Sounds like the natural thing to do, doesn't it? No new taxes, big picture coordination, local control. Why then did the bill carried by Sen. Marian Bergeson (R-Newport Beach) to create this council of governments fail during the last session of the Legislature?
A major flap developed over who would be on the board of directors of this new agency. The original concept of five city representatives (one from each supervisorial district selected by the full League of Cities) and two or three county supervisors failed when the Board of Supervisors refused to go along with any plan that did not include all five county supervisors. The formula was then changed to include all five supervisors and expanded to have 10 city representatives; two from each supervisorial district.
Sadly, the compromise died in the last hours of the Legislature's session when the supervisors decided to oppose the compromise because it left them with less than a majority control of the new board. Hopefully, this petty debate can be put aside.
Since land-use control is the principal tool for implementing these environmental policies, and the county is over 90% incorporated into cities, the board needs to encourage the new role of cities in solving the regional issues and allow 10 of the 175 elected city officials to be represented on this new board.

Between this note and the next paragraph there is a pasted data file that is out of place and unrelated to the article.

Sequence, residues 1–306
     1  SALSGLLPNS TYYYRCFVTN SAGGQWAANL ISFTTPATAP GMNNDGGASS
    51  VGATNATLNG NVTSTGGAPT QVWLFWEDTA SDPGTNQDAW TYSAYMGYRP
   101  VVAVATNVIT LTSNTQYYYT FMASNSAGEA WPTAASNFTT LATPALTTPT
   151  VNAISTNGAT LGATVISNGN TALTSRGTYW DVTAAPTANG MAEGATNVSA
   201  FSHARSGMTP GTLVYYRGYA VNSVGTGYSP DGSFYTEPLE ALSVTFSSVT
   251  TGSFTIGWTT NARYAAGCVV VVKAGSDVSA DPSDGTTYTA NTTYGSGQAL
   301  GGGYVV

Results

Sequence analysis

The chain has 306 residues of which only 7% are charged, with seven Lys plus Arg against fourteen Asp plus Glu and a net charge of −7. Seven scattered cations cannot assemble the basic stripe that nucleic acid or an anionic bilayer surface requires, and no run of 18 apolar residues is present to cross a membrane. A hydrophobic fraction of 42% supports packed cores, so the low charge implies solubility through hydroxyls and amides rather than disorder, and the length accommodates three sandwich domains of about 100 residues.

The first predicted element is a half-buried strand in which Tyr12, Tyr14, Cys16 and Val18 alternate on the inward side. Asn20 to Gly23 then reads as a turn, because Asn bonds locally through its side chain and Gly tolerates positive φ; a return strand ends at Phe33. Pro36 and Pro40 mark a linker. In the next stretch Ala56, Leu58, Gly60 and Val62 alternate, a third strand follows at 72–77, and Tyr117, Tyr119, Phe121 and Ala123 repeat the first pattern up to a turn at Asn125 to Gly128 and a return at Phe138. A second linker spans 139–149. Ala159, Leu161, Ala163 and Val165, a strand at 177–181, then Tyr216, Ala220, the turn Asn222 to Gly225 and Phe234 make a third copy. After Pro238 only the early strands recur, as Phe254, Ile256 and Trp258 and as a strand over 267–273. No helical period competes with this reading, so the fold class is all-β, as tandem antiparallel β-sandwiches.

A second flap that appeared to be resolved was the inclusion of the Orange County Transit District (bus company) into the new agency. Some argued that mass-transit planning must be part of the regional plan while others agreed but argued that we must avoid the Los Angeles quagmire by keeping bus company operations separate from the planners. The compromise that appeared to work for all was to leave the transit district as a distinct legal entity but draw its directors from the 15-member council of governments board to assure consistency of leadership of planning questions. Hopefully, that compromise will stick.
Within the League of Cities there has been discussion as to how to assure the involvement of all 29 cities in the powerful issues that would be discussed by the council of governments. The best idea to date is to create a congress-of-cities format so that all 175 city representatives could meet, perhaps quarterly, to discuss current issues and legislative resolutions embodying the sense of all the cities. This would then provide the 10 city board members with a consensus view of how all the cities feel about the key issues.
If we move with the council of governments legislation, the county and its cities can demonstrate the leadership necessary to prove that the big issues can be solved by local governments working cooperatively. Otherwise, the warning that local government faces today will become a cry for extinction tomorrow.